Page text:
Capitulum mitella

Capitulum is a monotypic genus of sessile marine stalked barnacles. Capitulum mitella is the only species in the genus. It is commonly known as the Japanese goose barnacle or kamenote and is found on rocky shores in the Indo-Pacific region.

Capitulum mitella
Pollicipes mitella.jpg
Scientific classification edit
Kingdom: Animalia
Phylum: Arthropoda
Subphylum: Crustacea
Class: Thecostraca
Subclass: Cirripedia
Order: Pollicipedomorpha
Family: Pollicipedidae
Genus: Capitulum
Gray, 1825[1]
C. mitella
Binomial name
Capitulum mitella
  • Capitulum mitella Foster, 1980
  • Lepas mitella Linnaeus, 1758
  • Mitella mitella Pilsbry, 1907
  • Pollicipes mitella Sowerby, 1833


Capitulum mitella has a short leathery stalk or peduncle supporting an upper region or capitulum, the whole being up to 5 cm (2 in) long. The peduncle is muscular and contractile and its surface is covered with fine scales. The capitulum is protected by eight large, sheathing scales and a ring of about twenty tiny scales surround the joint of capitulum and peduncle. Inside these scales is a cavity containing the head and thorax of the animal and its appendages.[3]

Distribution and habitatEdit

Capitulum mitella occurs in the South China Sea and the East China Sea.[2] It is found attached to rocks in the lower part of the intertidal zone in areas with strong currents. It typically occurs crowded with others in cracks and grooves on otherwise smooth rocky surfaces. The barnacle Tetraclita squamosa often occurs in the same locations and grows alongside it, and the primitive barnacle Ibla cumingi may grow in between or on the larger capitulum plates.[3]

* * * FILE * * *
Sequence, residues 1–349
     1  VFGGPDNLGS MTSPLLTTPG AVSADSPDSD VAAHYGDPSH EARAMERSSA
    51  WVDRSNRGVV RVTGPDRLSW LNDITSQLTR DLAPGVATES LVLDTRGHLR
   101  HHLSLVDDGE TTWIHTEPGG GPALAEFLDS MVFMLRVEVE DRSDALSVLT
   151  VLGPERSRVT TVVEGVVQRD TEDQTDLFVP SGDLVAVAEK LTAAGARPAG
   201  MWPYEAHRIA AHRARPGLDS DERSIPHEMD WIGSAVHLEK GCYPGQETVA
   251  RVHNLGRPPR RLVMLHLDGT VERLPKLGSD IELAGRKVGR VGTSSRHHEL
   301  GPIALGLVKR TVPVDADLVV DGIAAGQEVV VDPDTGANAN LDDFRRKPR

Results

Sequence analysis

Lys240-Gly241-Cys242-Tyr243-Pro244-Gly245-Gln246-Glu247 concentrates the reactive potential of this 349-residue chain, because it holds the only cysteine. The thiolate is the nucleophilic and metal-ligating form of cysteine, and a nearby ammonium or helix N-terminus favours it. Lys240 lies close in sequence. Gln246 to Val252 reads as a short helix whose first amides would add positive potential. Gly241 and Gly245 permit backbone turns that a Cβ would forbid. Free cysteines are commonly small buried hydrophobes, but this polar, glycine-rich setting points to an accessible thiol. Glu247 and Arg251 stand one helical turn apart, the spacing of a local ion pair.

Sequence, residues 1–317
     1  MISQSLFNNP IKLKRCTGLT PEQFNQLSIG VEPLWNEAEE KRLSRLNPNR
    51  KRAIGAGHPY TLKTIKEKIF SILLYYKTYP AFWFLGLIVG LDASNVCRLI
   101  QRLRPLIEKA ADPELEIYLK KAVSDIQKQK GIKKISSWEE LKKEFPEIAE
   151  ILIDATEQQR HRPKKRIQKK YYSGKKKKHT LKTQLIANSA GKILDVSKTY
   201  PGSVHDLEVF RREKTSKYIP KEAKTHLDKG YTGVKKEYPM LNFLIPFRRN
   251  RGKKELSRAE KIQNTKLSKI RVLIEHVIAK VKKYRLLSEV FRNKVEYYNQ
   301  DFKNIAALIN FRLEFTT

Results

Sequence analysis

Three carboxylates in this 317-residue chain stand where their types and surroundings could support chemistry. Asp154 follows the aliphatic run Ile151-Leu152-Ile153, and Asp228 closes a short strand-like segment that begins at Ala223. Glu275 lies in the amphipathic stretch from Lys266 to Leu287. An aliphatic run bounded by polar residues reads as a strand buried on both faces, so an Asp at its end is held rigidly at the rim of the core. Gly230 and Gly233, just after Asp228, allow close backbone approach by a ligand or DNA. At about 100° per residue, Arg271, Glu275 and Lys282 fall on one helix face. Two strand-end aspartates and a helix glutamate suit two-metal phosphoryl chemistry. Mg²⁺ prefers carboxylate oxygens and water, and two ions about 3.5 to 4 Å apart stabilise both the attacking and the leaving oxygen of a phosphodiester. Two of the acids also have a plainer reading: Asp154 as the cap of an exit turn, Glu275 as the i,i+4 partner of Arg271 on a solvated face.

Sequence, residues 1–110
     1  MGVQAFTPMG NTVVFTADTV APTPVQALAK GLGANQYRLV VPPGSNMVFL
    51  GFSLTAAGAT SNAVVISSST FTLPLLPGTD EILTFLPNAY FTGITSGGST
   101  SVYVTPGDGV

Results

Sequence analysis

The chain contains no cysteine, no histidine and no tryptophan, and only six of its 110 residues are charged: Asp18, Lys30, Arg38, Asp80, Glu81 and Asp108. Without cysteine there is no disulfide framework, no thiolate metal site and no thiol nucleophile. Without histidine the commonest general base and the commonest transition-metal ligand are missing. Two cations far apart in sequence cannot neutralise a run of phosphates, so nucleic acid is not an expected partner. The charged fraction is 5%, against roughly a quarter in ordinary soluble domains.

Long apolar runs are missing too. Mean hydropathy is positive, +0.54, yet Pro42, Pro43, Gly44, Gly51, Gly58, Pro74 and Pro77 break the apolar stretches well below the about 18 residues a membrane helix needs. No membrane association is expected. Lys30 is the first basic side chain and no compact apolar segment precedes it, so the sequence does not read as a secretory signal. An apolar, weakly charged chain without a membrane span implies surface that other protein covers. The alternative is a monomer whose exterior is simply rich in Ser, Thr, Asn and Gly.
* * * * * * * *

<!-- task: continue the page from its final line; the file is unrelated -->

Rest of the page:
When under water, Capitulum mitella extends its five hind pairs of thoracic legs and spreads them out in the current like a net. It uses the front pair of legs to manipulate the objects it catches and move them into its mouth. Its diet mainly consists of zooplankton.[3]

Capitulum mitella is a simultaneous hermaphrodite. Each barnacle is capable of fertilising other nearby individuals by transmitting sperm through a long, fine tube and also of brooding its own eggs in its mantle cavity. When the eggs hatch, the larvae are released into the sea. They have six naupliar stages during which food reserves are built up and one non-feeding cyprid stage which seeks out a suitable hard surface on which to settle. It then fix itself in place, undergoes metamorphosis and becomes a sessile juvenile.[4]

In Hong Kong harbour, where this barnacle can be found growing on pilings, it often has a nemertean worm (Nemertopsis quadripunctatus) living inside its mantle cavity and feeding on the eggs being brooded there.[3] The worm can be 8 cm (3 in) long but only 1 mm (0.04 in) in diameter.[3]


Capitulum mitella is one of about a dozen species of goose barnacle that are gathered commercially and eaten by humans. These barnacles are a luxury food item in Japan, Taiwan, Korea and China.[3][5]


  1. ^ a b Chan, Benny K. K (2012). "Capitulum mitella (Linnaeus, 1758)". WoRMS. World Register of Marine Species. Retrieved 2012-12-21.
  2. ^ a b Ren Xianqiu (2006). "Capitulum mitella". Animal Information Management System. Catalogue of Life. Retrieved 2012-12-21.[permanent dead link]
  3. ^ a b c d e f Rainbow, Phil. "Capitulum mitella". The Natural History Museum. Retrieved 2012-12-21.
  4. ^ Chu Lee; Jeong Min Shim; Chang Hyun Kim (2000). "Larval development of Capitulum mitella (Cirripedia: Pedunculata) reared in the laboratory". Journal of the Marine Biological Association of the UK. 80 (3): 457–464. doi:10.1017/s0025315400002150. S2CID 86504370.
  5. ^ Suma, Y; Ishizaki, S; Nagashima, Y; Lu, Y; Ushio, H; Shiomi, K. (2007). "Comparative analysis of barnacle tropomyosin: divergence from decapod tropomyosins and role as a potential allergen". Comparative Biochemistry and Physiology. 147 (2): 230–236. doi:10.1016/j.cbpb.2007.01.004. PMID 17321773.